(redirected from 56 Kbps modem)


An ITU-T standard modem serial line protocol allowing download speeds of up to 56 kbps with upload speeds of 33.6 kbps. V.90 modems are designed for connections that are digital at one end and have only one digital-to-analogue conversion.

As of 1998-02-06 the V.90 standard, formerly called V.pcm, has been given final approval by ITU-T. On 1998-10-27 the ITU-T announced that approval of the V.90 standard was completed. Interoperability testing is complete or in progress for several modem manufacturers. The V.90 standard reconciles two competing standards, X2 and K56flex.

The ITU-T has initiated the approval process for a new all-digital version of the protocol, to be known as V.91.

ITU Press Release 98-04. and NP-3.
This article is provided by FOLDOC - Free Online Dictionary of Computing (foldoc.org)


An ITU standard (1998) for an analog modem that communicates at 56 Kbps downstream and 33.6 Kbps upstream. It was designed for ISPs and online services that are digitally attached to the telephone system via T1 and T3 circuits.

In practice, the downstream link is not faster than 45 Kbps in these PCM modems, so called because they use pulse code modulation downstream and standard V.34 upstream. Initially, two incompatible technologies competed in this arena: x2 from U.S. Robotics and K56Flex from Rockwell and Lucent. Such modems can be upgraded to V.90 if they contain software-upgradable memory chips. See V.92, V.34 and channel bonding.
Copyright © 1981-2019 by The Computer Language Company Inc. All Rights reserved. THIS DEFINITION IS FOR PERSONAL USE ONLY. All other reproduction is strictly prohibited without permission from the publisher.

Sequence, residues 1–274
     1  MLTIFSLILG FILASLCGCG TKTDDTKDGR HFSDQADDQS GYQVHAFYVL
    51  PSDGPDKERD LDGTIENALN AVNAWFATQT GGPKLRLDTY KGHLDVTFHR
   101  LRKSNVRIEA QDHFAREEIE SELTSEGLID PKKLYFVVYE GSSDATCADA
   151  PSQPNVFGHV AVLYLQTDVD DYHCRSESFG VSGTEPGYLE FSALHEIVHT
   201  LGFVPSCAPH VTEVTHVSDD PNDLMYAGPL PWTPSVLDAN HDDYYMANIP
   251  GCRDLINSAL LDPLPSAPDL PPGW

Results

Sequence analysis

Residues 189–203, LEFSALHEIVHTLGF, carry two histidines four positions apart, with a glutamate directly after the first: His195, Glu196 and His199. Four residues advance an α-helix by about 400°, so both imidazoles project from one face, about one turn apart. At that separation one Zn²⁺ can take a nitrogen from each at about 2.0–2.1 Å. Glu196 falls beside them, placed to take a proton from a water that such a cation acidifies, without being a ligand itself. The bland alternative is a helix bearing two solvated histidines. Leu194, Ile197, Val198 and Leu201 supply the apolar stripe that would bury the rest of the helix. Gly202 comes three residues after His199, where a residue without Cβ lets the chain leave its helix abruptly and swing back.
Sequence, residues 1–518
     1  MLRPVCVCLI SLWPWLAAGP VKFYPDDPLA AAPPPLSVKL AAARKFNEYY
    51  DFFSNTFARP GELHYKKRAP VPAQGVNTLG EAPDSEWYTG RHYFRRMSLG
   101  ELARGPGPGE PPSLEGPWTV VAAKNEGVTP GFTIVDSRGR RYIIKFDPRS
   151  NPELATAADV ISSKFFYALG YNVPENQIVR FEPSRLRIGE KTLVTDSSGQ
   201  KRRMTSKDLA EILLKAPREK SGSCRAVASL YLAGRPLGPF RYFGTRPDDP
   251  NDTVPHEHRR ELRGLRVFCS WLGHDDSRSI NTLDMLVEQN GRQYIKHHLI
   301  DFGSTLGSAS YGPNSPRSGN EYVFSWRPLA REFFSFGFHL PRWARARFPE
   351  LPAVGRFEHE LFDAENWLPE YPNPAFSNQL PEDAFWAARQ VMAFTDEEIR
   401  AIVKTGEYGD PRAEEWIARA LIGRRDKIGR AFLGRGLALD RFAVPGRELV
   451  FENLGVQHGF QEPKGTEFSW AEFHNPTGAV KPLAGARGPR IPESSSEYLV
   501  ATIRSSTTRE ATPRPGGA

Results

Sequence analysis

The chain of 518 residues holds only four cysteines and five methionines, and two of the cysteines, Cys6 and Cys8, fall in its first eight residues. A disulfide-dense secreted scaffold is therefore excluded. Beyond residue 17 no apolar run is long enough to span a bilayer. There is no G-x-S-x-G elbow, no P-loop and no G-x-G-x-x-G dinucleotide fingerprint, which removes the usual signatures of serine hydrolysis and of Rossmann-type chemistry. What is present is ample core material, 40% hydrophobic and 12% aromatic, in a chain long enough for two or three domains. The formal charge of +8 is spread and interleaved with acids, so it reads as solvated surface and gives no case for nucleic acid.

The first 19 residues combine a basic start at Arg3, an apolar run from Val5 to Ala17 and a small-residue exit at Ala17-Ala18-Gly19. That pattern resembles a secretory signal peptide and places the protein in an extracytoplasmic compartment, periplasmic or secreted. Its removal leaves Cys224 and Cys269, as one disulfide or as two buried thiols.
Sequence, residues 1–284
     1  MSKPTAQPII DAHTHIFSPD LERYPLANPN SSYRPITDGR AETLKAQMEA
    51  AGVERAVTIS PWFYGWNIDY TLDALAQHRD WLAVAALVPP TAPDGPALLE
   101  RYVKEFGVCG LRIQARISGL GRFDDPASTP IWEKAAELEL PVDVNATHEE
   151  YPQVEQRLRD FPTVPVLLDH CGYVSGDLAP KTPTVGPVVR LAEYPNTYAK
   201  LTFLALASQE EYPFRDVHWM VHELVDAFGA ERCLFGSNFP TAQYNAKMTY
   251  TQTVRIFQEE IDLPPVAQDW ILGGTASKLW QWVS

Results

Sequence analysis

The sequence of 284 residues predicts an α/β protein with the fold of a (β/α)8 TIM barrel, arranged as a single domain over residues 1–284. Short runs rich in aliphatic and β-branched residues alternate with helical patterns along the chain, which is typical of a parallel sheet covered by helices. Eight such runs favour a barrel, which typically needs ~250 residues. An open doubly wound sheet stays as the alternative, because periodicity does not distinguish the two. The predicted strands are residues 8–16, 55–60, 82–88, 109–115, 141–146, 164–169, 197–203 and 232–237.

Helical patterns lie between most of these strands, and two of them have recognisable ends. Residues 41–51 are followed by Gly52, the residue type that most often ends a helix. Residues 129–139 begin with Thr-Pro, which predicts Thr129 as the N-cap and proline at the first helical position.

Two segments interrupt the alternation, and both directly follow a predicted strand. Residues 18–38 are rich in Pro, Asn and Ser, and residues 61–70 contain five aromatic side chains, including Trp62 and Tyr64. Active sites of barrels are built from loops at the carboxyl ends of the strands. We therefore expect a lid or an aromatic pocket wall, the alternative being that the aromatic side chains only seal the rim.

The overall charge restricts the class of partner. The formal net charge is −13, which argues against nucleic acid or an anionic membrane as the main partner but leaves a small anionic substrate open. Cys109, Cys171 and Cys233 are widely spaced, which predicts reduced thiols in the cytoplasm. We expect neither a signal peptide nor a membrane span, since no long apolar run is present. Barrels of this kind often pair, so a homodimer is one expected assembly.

References in periodicals archive ?
MediaReady(TM) supports all forms of Internet connection including 56 kbps modem, dynamic DSL and cable modems, and 10/100 Base-T Ethernet.
Download time has been kept to approximately 10 seconds using a 56 Kbps modem, and pages were optimized for 800 x 600 pixels.
The MLT560 handheld 56 kbps modem line tester is now available with a leased-line test mode, in addition to its standard dial-up telephone linetesting capability.
Both NLC modems provide high-speed data services to residential, small business and branch offices at up to 140 times faster than a conventional 56 Kbps modem. As an integral part of NLC's NLevel3 Unified Access Platform, these modems are fully interoperable with all ADSL DMT G.lite and selected full rate compatible CPE routers, bridges and multiplexers.
Should you buy a 56 Kbps modem? If your budget permits it, yes.
(DSL is 10 times as fast as a 56 Kbps modem.) Hosted applications, however, aren't the only ones that have traditionally been handled in-house and have migrated to the Web.
With a design of this type, whenever a call arrives the concentrator determines what kind of call it is (ISDN, ISDN data over voice, 56 Kbps modem, etc.), then automatically switches service on an available port to accommodate the particular type of call.
Here's what you would have gotten: a PC with a 333 MHz processor, 15-inch monitor, 32 MB RAM, 4 GB hard drive (of which 2 Gigs are available to the user), 56 Kbps modem, CD-ROM, floppy drive, Windows 98 and free e-mail and Internet access (the standard model that most free PC companies offer).
"We now have about 300 remote users, most of whom are migrating to 56 Kbps modem connectivity." Some telecommuters have also adopted basic rate ISDN for 128 Kbps access.
'We now have about 300 remote users, most of whom are migrating to 56 Kbps modem connectivity.' Some telecommuters have also adopted basic rate ISDN for 128 Kbps access.
The Compaq Presario 2240 and IBM Aptiva E26, with 200-233 MHz processor, 32 MB of RAM, 20-24x CD-ROM and a 56 kbps modem, are already being sighted for $750-$850 in some markets.